Those pushing the need for health care reform spend a lot of time talking about the uninsured and the many unfortunate people who cannot or will not afford to pay for health care. (Mostly they talk about the “cannot pay” people except when they are proposing to have individual mandates, then they start talking about “freeloaders” who don’t get insurance even though they can afford it.) These people claim that health care is a right and (although they don’t use the word) they are proposing that the government can and should provide charity care for those in the “cannot pay” camp. The only problem is that government has been trying to do that for a long time through medicaid and medicare. The fact is that government cannot provide charity care – government can only take from those it chooses to burden and give to those it chooses to help. This warps the system even when it is meant to level the playing field.
In health care, the government must either take money through taxes, fees, and penalties, or else it must demand that health care providers go uncompensated. Neither of those situations equals charity. Charity is the voluntary donation of goods and services for the benefit of others. Anyone may donate money, time, or equipment that are theirs to give. Additionally, doctors may donate expertise that is theirs to give. The resources thus donated are given freely for the benefit of those who need what is given – to the limit of those resources – without the warping influence of force. Thus charity is able to make the playing field more level without warping the system.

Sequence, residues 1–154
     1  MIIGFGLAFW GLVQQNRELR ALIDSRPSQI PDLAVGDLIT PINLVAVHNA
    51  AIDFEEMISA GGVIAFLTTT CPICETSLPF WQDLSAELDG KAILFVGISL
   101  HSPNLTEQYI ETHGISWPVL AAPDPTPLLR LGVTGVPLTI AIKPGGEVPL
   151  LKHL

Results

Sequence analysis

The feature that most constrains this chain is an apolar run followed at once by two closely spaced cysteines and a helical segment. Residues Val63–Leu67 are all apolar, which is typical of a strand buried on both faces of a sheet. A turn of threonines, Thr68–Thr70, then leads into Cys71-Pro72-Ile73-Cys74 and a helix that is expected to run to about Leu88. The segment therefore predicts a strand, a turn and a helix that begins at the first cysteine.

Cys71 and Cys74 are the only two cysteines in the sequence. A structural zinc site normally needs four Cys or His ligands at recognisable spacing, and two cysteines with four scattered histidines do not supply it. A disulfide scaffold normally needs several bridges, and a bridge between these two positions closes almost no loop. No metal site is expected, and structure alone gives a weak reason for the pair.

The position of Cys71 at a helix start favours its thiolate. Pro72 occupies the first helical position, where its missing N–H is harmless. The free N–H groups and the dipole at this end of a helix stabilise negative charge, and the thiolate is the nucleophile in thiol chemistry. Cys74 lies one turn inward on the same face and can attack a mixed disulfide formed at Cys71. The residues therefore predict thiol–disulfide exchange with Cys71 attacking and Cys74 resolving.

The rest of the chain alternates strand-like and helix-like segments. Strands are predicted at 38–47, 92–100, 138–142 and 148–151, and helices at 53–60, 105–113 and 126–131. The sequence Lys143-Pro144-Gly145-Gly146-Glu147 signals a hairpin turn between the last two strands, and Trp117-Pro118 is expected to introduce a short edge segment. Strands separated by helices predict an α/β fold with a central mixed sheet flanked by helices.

Many who favor true free-market health care argue that if government would step back society would pick up the slack with charity care that is more efficient. I have heard some who are dependent on government assistance with extreme medical bills – the kind that are not the fault of any person – who respond that if they felt they could depend on charity care to pick up the slack for their enormous costs they would be happy so see government step back, but they are doubtful.
[quote]It may sound callous of me, but I will not argue that charity care will pick up all the slack if government steps back – I only contend that government is incapable, by its very nature, of providing charity care because government can only operate through force of one kind or another. I also argue that the only way to successfully meet all the needs of the hungry, naked, sick, and afflicted, is through real charity.
There are no guarantees that there will be sufficient charity offered to meet all needs. Two things are guaranteed – first, that if the amount of charity given is less than the need it indicates a problem in society; second, that such a problem, when it exists, cannot be solved through the powers of government. Where society is broken such that charity is insufficient to meet demand government can only do those things which are the proper role of government – specifically by ensuring justice for all by prosecuting fraud and abuse. If government oversteps its proper role it may aggravate the underlying social problem, but it cannot fix it.